I took up royal icing cookie decorating last year after a weekend of watching a few videos. I thought it was going to be easy enough, it was frosting a cookie for goodness sakes. I quickly learned there was a lot of hidden skill and practice in those delectable creations. Not so different from my frame of mind when I said “I’m going to write a novel” three and a half years ago.
A few months into my new skill of cookie decorating, my son had a specific request for his birthday. Not the usual (and easier) daisy flower or simple star shape. He wanted characters. Book characters to be specific, Zachary Ruthless, Greg from Diary of a Wimpy Kid, and Big Nate. Since I adore the fact my son loves to read, I started brainstorming right away. Since I have little talent when it comes to sketching, I didn’t want to set my sights too high. I used flat black icing and began to pipe. When I finished my first attempt (a practice one for before the real birthday set was needed) I was kinda happy. It wasn’t anything like my favorite cookie websites where you start to wonder if it’s even a cookie because it’s so beautiful. Mine was amateur. Crude. From a beginner.
When the birthday actually came, I tried a different technique for the final set. I decided to only focus on one set of book characters. Cut the cookie in the head shape. Add color. Layer the levels. It was little tweaks to add more life (and skill) to what I originally started. It took more time and definitely more patience, but I was understanding the icing more. I learned how consistency plays a major part in keeping the shape and look you want after you’ve piped it on the cookie. When the second set was done, I was stoked! They were beautiful. I was so excited I sent a set to the author and the agent to show them how cool the cookie could become. It was the best I could do…at the time.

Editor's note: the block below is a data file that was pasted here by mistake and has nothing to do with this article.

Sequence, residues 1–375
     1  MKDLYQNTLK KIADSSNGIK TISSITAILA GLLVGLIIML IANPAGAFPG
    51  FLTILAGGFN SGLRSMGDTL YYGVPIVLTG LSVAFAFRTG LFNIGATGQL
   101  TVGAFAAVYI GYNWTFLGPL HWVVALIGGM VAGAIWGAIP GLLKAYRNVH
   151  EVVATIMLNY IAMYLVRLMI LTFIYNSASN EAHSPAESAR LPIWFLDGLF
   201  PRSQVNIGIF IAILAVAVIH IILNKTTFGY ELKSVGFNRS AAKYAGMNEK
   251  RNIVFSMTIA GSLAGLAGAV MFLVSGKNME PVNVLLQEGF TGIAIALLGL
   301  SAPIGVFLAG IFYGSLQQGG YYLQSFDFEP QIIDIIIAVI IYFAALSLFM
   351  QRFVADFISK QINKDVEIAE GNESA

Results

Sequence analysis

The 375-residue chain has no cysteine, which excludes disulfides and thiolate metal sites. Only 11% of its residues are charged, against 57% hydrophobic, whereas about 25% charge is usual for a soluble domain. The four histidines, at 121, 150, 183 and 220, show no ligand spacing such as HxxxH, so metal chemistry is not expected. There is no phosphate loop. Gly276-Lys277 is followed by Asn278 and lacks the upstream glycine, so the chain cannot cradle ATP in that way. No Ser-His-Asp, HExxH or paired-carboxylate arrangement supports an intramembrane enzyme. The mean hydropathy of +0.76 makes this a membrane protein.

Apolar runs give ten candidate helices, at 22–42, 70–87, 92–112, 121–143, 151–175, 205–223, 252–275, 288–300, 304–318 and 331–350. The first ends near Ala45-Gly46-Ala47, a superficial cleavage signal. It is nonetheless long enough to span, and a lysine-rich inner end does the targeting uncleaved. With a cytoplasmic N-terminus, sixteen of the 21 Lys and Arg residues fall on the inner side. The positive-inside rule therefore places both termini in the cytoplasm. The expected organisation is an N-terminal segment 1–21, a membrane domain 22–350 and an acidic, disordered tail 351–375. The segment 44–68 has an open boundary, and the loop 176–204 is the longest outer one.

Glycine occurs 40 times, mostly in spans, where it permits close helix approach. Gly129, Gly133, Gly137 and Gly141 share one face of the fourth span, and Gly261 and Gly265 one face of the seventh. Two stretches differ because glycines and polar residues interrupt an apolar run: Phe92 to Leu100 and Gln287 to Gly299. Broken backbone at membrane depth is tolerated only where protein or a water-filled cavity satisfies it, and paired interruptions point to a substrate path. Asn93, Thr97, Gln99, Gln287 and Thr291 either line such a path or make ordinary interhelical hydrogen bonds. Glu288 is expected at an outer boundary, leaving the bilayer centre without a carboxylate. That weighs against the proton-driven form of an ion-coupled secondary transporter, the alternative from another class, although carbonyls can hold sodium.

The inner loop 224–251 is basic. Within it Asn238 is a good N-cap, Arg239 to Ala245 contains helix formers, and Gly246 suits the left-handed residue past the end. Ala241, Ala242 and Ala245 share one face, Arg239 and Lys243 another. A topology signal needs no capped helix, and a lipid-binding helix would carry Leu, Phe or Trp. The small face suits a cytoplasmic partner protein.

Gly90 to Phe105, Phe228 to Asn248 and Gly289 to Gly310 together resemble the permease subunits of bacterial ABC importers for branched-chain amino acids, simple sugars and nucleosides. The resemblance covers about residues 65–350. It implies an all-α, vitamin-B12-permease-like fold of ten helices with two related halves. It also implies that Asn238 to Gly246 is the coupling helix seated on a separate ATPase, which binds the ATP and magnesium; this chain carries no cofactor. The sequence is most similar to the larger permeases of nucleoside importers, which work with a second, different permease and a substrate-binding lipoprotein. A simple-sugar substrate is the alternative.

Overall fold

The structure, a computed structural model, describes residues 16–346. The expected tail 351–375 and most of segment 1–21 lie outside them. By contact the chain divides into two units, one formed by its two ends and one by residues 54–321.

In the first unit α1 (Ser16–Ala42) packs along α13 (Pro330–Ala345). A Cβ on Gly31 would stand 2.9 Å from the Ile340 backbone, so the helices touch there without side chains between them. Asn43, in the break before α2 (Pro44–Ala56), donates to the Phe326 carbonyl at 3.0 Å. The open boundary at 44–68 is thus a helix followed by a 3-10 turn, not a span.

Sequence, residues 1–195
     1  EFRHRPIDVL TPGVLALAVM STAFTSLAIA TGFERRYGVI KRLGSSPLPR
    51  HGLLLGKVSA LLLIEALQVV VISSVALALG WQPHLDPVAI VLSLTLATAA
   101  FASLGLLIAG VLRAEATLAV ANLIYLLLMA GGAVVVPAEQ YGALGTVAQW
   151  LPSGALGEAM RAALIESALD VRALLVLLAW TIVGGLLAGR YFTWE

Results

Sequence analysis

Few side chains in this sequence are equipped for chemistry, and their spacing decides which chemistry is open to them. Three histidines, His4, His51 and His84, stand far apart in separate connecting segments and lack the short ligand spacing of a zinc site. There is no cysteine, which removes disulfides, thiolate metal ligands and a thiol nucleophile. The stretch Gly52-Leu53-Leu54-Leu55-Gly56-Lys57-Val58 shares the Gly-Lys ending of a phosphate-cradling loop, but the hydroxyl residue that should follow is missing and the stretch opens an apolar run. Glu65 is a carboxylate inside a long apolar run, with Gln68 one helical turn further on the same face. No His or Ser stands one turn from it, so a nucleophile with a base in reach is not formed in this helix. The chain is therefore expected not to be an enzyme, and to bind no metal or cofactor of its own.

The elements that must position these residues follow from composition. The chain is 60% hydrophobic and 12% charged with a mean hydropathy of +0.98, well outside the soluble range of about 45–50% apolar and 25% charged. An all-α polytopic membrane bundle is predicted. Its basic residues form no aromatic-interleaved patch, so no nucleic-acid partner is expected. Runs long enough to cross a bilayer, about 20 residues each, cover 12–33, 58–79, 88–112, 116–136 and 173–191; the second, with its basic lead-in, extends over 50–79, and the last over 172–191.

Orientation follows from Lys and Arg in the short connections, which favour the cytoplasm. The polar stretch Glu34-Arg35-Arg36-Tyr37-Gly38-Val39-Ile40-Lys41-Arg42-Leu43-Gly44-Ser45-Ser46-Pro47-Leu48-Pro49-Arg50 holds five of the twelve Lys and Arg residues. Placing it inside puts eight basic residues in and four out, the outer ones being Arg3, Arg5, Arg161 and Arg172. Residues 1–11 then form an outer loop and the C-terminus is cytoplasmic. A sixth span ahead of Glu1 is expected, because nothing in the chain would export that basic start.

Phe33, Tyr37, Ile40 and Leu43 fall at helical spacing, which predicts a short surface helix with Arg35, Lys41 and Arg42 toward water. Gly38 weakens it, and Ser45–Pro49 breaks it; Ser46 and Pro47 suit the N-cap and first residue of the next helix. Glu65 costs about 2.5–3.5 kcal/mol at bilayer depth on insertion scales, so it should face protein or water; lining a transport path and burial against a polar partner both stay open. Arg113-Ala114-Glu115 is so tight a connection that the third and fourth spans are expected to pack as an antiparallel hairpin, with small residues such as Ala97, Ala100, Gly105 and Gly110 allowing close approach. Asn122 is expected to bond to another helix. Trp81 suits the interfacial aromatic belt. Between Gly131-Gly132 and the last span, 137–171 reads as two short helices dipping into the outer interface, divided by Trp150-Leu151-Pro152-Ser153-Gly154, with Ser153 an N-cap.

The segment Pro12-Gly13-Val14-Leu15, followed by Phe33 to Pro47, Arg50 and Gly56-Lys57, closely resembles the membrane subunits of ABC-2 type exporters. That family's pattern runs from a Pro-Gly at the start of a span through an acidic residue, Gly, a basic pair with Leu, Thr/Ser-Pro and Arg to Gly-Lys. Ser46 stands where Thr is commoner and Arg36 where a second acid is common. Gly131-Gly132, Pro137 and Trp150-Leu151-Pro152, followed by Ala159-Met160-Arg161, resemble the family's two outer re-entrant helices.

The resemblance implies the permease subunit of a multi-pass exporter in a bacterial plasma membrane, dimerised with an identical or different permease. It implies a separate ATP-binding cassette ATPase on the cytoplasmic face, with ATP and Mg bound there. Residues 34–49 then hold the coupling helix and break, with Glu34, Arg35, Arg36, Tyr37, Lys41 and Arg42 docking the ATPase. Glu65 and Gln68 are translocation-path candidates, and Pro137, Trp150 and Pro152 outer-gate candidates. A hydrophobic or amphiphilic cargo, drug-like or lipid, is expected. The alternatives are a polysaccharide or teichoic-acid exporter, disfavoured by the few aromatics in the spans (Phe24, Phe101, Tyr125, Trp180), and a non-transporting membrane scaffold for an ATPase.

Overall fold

A few months later, and more cookies under my belt, I made another set of Zachary cookies. You may wonder why I make so many of this character. What can I say? I loved the book. (Here’s the plug where you should go out and buy it if you haven’t. At least check out the author’s blog, it’s pretty funny.) This time even before I started, I made a game plan. I prepped a few days before and made a list of all the colors I would need. It also involved a stencil to make several cookies look exactly the same and like the original drawing of the character. When I finished this round, I knew this is the best I can do.
It’s not hard to draw the similarity to my writing experience. With each book, each revision, each lesson learned, I create a better product. The only difference is I’m not as confident as defining the “this is the best I can do” phase. Maybe this is because I’m not as obsessed with cookies as I am writing. (Shocking, I know.) Or maybe it’s because the end result for a cookie is to be eaten, a quick pleasure having nothing to do with what it looks like. Or the fact I haven’t quieted down the whispers of insecurity around writing like I have with icing cookies.
What I do take away from my evolution of this Zachary Ruthless cookie is anything is possible. It may take a lot of work and even more persistence, but there will be a day where I am satisfied with what I have written. A day I release my writing into the world and hope it is gobbled up as quickly as a good tasting sugar cookie.